Mixtaped Monk is a DIY music project by Indian multi-instrumentalist and music producer, Arka Sengupta, who believes in making music that soothes the mind. This project was started as an outlet for his creative expressions.
Under the moniker of Mixtaped Monk, he not only expresses himself as a music producer but also as a writer and a visual artist. Being socially awkward since childhood, he always loved solitude. And, in his solitude, the thing which he liked to do the most is discovering music. Be it the cassette of Pink Floyd's “Dark Side of The Moon,” which he discovered, in his uncle's old room, during his early teenage, or the first mixtape that he made for a girl when he was a little bit older, music has always been his sole companion. Gradually, he picked up playing the keyboard and the guitar, started experimenting with music and realized that there is a whole world of possibilities for him to explore.
To date, Mixtaped Monk has released 4 full length albums, an EP and 5 singles.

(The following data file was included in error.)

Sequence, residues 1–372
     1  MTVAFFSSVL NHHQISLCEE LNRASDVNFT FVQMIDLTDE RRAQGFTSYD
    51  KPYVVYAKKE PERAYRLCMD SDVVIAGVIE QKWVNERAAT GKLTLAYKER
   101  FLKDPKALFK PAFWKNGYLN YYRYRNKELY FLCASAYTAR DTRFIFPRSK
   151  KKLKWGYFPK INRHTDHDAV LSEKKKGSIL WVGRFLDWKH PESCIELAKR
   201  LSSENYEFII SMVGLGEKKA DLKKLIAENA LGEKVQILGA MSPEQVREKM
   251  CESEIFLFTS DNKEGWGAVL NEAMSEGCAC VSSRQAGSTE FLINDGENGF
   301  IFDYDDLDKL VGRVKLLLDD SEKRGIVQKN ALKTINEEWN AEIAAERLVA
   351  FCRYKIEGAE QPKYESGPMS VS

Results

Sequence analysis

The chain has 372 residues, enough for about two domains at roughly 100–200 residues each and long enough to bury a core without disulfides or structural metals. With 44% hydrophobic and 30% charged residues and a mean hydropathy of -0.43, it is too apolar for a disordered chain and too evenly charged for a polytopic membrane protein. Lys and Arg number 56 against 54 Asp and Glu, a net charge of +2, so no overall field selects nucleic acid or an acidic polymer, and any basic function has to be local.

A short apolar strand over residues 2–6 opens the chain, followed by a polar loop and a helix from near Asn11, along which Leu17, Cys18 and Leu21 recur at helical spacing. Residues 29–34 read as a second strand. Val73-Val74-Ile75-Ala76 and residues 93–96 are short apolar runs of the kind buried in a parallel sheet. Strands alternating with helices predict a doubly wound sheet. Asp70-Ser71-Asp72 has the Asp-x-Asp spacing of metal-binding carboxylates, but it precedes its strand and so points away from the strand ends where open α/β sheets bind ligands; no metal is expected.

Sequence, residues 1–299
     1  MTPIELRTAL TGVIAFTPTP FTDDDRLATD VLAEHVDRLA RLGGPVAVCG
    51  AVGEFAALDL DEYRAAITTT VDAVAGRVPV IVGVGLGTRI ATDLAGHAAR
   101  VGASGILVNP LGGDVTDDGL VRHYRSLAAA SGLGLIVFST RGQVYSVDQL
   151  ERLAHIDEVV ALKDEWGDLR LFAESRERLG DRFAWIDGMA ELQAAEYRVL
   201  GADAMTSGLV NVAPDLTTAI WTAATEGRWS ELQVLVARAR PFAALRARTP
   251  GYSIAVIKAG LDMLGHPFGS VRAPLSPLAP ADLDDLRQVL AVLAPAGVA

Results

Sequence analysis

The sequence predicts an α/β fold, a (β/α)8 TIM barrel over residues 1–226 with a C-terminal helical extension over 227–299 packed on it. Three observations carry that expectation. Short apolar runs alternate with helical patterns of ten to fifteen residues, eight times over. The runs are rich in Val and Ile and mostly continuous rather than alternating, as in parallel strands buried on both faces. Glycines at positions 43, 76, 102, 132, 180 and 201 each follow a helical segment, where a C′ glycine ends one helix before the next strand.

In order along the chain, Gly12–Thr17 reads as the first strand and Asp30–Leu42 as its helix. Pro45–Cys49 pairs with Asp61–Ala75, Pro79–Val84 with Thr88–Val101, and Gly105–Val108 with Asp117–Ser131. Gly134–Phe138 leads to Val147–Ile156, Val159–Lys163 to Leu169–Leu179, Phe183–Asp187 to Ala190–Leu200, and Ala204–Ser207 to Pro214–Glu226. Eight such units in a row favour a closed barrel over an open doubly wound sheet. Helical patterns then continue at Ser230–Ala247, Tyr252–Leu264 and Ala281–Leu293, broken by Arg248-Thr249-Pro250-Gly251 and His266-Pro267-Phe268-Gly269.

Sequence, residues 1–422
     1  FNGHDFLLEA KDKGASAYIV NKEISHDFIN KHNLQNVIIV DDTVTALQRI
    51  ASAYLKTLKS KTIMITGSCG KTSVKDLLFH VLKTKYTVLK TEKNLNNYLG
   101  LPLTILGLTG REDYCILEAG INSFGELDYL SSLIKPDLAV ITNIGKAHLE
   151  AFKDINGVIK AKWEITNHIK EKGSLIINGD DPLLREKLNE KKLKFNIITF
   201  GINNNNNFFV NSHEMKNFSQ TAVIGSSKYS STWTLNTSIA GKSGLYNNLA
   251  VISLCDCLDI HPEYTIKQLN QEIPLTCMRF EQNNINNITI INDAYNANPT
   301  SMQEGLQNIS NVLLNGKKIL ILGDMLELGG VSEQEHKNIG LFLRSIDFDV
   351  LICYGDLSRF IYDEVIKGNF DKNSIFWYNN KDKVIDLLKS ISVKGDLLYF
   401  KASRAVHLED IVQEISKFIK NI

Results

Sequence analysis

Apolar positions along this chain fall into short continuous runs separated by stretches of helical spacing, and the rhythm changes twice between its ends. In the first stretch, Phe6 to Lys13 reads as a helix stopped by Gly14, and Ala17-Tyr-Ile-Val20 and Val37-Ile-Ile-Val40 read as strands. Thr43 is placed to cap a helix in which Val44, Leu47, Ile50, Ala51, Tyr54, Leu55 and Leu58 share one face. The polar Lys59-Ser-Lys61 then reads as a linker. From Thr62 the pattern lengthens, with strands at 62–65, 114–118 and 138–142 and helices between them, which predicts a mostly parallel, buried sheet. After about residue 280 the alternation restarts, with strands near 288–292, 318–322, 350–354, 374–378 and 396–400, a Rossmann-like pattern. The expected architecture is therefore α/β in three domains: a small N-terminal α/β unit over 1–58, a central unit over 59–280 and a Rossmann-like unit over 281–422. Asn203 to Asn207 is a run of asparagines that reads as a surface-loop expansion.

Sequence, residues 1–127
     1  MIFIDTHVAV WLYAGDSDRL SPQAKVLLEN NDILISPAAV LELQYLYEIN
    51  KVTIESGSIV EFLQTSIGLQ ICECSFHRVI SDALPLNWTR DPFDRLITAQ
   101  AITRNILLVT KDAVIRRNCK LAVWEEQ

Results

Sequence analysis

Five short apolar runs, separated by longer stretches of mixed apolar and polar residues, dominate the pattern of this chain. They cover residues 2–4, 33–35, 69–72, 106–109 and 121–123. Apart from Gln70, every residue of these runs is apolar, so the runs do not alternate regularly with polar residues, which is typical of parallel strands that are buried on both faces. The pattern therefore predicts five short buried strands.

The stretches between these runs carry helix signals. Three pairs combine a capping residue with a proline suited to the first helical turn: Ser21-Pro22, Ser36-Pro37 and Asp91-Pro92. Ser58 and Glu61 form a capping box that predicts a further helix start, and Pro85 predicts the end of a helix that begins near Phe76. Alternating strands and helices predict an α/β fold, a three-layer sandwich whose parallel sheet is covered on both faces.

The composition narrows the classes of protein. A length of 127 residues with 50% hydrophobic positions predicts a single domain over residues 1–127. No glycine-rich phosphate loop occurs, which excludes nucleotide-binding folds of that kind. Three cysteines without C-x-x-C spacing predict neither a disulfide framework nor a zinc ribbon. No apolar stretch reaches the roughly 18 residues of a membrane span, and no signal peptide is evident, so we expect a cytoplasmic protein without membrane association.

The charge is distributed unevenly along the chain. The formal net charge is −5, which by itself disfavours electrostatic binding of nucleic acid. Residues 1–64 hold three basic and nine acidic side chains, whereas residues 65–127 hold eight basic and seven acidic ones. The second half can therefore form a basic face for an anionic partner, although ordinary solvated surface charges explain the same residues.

Right from the time he was in school, Arka had an immense fascination for anime. And that led to his (almost) obsession with Japanese culture. It all started with Naruto and Naruto Shippuuden. But when he watched Rurouni Kenshin for the first time, he was fascinated with the way the city of Kyoto was portrayed in the anime. And so he began researching the city, its current form and the long history associated with it. Since then, from time to time, he's had these dreams about the city. Sometimes they were associated with historical events and sometimes with the modern era. But in all, they were always so vivid that he could literally feel the profound beauty and heritage of Kyoto within him.
Through DREAMS OF KYOTO, Arka has tried to provide a soundtrack for the nature of the dreams he has of Kyoto.
These Are Truly The Last Days is a musical project with a driven experimental twist. Their music blurs the lines between various genres, including ambient, electronica, glitch hop, and more. The project’s self-titled studio effort features 11 studio tracks.
Crafting a concept album is an incredibly difficult task. Tying together a cohesive narrative across a record’s worth of songs isn’t just daunting, it’s an endeavour that even some of the industry’s finest have failed to do memorably. This task, however, becomes notably more difficult when you’re dealing in the abstract via instrumental soundscapes. That is what Chronotope Project, the moniker of composer Jeffrey Ericson Allen, attempts to do with his latest project, ‘Ovum.’